I like the idea of immutable design goals (mentioned on one of the podcasts?) that set the intent of the game. Other areas may chop & change to get the rest of the game to work, but keeping everyone clear of what areas are the backbone of the design can keep player's expectations in line with the eventual vision of the completed game.
« Last Edit: September 06, 2013, 04:23:12 PM by VRBones »
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Jon Shafer

  • Lord of the Forest
  • *
Re: 2013 September 4 - The Strategy of Playtesting
« Reply #2 on: September 06, 2013, 04:15:52 PM »
There have been many times in playtesting where the game changes from its original incarnation. Most of the times this doesn't bother me as I'm expecting change, but sometimes it changes the game into something completely different. The issue isn't so much the changes themselves, but my expectations of what the game is to become.

I like the idea of immutable design goals (mentioned on one of the podcasts?) that set the intent of the game. Other areas may chop & change to get the rest of the game to work, but keeping everyone clear of what areas are the backbone of the game (in terms of design) can keep player's expectations in line with the eventual vision of the completed game.

It's indeed a tough balance to strike. Your ultimate goal is an awesome game, but how much are you willing to change along the way?

Most features (e.g. shrouded resource deposits) should always remain up in the air, but you'll likely also have some that are fundamental to "the game" you're making, and know will be included in some form or another (e.g. seasons, supply).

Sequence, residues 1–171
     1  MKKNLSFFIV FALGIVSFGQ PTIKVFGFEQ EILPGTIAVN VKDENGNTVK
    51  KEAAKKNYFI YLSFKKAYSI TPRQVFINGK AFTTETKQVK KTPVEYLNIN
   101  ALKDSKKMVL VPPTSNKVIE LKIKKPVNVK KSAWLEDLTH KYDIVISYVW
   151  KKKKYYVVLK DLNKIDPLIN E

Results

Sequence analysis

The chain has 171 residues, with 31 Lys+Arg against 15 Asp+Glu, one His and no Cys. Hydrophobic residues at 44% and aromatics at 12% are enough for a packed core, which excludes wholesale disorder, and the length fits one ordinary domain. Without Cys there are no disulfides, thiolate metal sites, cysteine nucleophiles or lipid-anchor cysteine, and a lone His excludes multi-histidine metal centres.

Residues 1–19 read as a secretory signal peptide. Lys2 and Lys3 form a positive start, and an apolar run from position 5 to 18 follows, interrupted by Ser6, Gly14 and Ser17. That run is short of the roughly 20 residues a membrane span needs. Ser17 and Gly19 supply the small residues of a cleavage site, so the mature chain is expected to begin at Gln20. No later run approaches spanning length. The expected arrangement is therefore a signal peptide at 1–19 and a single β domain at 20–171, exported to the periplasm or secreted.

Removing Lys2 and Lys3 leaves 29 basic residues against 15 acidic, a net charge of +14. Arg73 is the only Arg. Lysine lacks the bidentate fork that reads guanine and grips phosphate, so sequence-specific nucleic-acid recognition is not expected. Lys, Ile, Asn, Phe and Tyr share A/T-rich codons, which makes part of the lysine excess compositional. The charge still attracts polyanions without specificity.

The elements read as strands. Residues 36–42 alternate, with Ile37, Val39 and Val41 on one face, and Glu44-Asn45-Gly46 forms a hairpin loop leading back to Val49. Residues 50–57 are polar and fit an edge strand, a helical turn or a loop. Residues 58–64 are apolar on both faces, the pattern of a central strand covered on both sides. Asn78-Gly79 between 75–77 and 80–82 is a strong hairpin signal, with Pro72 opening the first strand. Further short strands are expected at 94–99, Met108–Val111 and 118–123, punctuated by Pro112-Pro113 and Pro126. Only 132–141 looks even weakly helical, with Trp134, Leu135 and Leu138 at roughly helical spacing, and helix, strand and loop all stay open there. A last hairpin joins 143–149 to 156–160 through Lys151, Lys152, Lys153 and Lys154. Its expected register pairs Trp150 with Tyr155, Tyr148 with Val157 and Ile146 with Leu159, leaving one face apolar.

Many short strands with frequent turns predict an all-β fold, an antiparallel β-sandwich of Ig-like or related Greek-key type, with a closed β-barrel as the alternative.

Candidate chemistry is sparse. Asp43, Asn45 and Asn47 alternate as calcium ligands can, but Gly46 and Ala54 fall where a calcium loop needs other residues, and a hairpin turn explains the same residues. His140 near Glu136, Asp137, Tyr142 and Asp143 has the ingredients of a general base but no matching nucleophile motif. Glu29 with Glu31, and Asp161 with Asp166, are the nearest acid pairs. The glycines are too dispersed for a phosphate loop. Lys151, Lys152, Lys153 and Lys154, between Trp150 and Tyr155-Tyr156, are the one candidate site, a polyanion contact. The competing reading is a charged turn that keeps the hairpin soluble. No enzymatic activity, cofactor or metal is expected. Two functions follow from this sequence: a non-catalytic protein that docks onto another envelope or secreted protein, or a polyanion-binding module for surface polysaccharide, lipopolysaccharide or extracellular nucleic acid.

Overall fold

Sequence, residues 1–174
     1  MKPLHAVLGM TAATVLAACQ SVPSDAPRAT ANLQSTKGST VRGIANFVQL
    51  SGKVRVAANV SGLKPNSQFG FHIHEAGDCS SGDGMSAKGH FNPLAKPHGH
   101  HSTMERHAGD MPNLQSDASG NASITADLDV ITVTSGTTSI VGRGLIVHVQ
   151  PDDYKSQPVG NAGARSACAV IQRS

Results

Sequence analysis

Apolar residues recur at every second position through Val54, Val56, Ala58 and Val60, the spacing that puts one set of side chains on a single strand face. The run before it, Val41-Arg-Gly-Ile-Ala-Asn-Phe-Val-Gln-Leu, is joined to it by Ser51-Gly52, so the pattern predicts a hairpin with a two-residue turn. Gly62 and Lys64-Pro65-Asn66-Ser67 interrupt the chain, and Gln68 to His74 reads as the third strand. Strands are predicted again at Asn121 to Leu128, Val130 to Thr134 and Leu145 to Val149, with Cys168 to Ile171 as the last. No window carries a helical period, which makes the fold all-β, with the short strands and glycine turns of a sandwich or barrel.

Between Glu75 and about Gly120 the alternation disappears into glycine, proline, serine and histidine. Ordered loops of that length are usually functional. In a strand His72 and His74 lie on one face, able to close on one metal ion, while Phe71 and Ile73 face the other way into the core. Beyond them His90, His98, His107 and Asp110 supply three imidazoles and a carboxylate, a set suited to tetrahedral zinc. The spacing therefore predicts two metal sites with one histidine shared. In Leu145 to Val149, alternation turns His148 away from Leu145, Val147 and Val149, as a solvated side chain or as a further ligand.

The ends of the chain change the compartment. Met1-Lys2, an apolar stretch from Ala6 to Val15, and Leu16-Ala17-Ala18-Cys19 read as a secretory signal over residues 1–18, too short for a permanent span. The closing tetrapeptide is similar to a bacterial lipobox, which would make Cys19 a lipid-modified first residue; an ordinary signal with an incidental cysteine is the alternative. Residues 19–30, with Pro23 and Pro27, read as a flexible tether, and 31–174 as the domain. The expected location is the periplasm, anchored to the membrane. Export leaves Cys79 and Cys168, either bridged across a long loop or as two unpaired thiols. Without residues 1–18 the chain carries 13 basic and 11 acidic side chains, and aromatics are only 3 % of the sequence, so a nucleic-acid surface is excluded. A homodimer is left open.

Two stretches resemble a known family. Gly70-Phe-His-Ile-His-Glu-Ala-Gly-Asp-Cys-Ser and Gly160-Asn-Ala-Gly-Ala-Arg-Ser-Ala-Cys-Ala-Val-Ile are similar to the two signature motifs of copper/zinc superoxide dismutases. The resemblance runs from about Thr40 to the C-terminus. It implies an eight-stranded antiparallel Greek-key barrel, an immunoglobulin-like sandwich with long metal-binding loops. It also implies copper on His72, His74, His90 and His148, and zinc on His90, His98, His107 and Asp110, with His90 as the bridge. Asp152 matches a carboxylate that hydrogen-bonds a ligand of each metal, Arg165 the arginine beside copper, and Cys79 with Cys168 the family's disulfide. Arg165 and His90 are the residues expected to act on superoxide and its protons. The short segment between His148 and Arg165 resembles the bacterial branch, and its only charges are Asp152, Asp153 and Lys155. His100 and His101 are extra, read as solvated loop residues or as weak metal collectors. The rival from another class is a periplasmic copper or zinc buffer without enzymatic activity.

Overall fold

I have indeed spoken on the podcast about my general philosophy, which is to decide the game's theme and feel up front, then basically just go where the currents take you. It's easy to fall in love with very specific ideas you've come up with, but that is very dangerous.

A designer needs to be as objective as possible. I often like to use the analogy of the designer as a sieve, where your job isn't so much to make all of the decisions so much as to be the arbiter as to what ideas that make sense within the framework of the overall vision.

I'm very fortunate that I have a temperament very open to feedback. Hearing criticism aimed at something I came up with still makes me wince, but I recognize the value it has and that there's a reason why someone has something negative to say. Even if the specific feedback isn't on the mark, the feeling behind it always real.

The key to success with any creative endeavor is a strong vision coupled with the flexibility to change details as necessary. I expect AtG to be a success story born out of that approach. But I suppose we'll see!

- Jon
If you have any questions, please send me a private message here on the forums or an email at [Contact@ConiferGames.com]. Thanks for your support!